The practical consequences of the decision, however, are likely considerably less profound than both detractors and proponents have maintained.
Let’s start with finances. Cynics have suggested that the apocalyptic revenue projections leaked by the National Education Association and its affiliates represent something of a litigation feint in light of the large reserves they have maintained and other ameliorative strategies at their disposal. Taking their numbers at face value, however, the cuts would represent only a roughly 15 percent reduction — painful, but not nearly enough to eliminate the teachers unions’ status as the biggest, baddest, best-funded voice in state and local politics. Just for grins, imagine a confiscatory tax that immediately stripped Mike Bloomberg, Bill Gates, and Warren Buffett of even 25 percent of their wealth, which is measured in the many tens of billions apiece. Infuriating to them? Undoubtedly. Unconstitutional? Probably. But likely to affect their spending habits or influence? Not a chance.
Moreover, especially in the realm of education, effective political activism is by no means perfectly correlated with a union-friendly legal environment, much less agency fees. This past year has seen teachers successfully strike for higher salaries in Oklahoma, West Virginia, Arizona, and Kentucky, making 2017-18 the highest-water year for educator activism since the Al Shanker–led job actions in New York City in 1968. Notably, none of these states allowed agency fees even before Janus. (Indeed, 28 states already prohibited them.) And in each case, it was far from clear whether the union was leading or merely riding the crest of the wave. Whatever the answer, this history undermines any argument that a ban on agency fees strikes a fatal blow to effective educator advocacy.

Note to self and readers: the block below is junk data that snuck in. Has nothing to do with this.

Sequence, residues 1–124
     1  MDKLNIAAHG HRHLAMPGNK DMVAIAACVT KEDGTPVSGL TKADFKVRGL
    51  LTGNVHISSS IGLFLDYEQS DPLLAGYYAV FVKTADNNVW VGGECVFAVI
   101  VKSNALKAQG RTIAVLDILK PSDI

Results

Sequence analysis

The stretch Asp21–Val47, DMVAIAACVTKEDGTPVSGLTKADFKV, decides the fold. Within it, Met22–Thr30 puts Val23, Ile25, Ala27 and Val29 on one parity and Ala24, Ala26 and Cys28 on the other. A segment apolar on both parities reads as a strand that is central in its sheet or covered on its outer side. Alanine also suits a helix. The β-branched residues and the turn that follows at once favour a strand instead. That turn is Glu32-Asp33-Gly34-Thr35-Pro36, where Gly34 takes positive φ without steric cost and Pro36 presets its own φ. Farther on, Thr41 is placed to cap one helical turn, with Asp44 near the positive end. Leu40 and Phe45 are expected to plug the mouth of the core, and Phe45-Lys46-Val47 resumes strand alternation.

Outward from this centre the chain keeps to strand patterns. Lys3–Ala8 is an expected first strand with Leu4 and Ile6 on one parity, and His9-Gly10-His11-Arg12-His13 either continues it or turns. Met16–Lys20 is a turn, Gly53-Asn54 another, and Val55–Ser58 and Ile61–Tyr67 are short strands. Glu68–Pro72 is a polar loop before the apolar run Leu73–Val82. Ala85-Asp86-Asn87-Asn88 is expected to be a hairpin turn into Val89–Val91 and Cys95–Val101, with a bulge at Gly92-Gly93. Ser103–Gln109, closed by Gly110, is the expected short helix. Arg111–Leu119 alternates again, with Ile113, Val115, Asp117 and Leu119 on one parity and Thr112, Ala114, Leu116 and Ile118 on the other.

To be sure, the ruling disrupts dozens of laws and hundreds of contracts, a practical reality the significance of which should not be minimized. When the dust settles, however, I suspect the changes may well be reminiscent of the inevitable response to comprehensive tax reform, what one might call the build-a-better-mousetrap phenomenon. Creative accountants, aggressive lawyers, and effective lobbyists seem always to find ways to construct workarounds. And, trust me, union lawyers are already hard at work on post-Janus legislation (as has already been passed in New Jersey and New York, for example). The decision’s holding that employees must opt in presents a tough challenge, but I wouldn’t underestimate the potential for creative measures to mitigate the practical impact of the ruling.
Taken together, these considerations cast real doubt that Janus will be the game-changer that education reformers anticipate or unions fear — at least in the ways proponents and opponents of the decision have articulated. As others have thoughtfully argued, however, that hardly suggests that the decision is not a watershed in other ways. Most fundamentally, at least in the case of teachers unions, the decision should precipitate a crisis of relevance, with a corresponding and entirely salutary period of reflection about how best to attract and retain members post-Janus. As Dan Weisberg wisely notes, the only way the decision actually reduces revenue would be “because a significant number of their own members decided that their union hasn’t earned a chunk of every paycheck.” As recent surveys have made clear, the unions have some work to do to establish and retain their relevance with many members.